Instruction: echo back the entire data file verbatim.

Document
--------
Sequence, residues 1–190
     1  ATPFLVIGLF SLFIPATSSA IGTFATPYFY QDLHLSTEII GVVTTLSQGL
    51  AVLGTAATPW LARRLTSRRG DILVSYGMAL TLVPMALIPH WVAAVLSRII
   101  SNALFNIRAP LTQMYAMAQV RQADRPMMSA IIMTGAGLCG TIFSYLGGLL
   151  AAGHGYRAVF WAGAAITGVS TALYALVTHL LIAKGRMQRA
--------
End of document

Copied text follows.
Sequence, residues 1–190
     1  ATPFLVIGLF SLFIPATSSA IGTFATPYFY QDLHLSTEII GVVTTLSQGL
    51  AVLGTAATPW LARRLTSRRG DILVSYGMAL TLVPMALIPH WVAAVLSRII
   101  SNALFNIRAP LTQMYAMAQV RQADRPMMSA IIMTGAGLCG TIFSYLGGLL
   151  AAGHGYRAVF WAGAAITGVS TALYALVTHL LIAKGRMQRA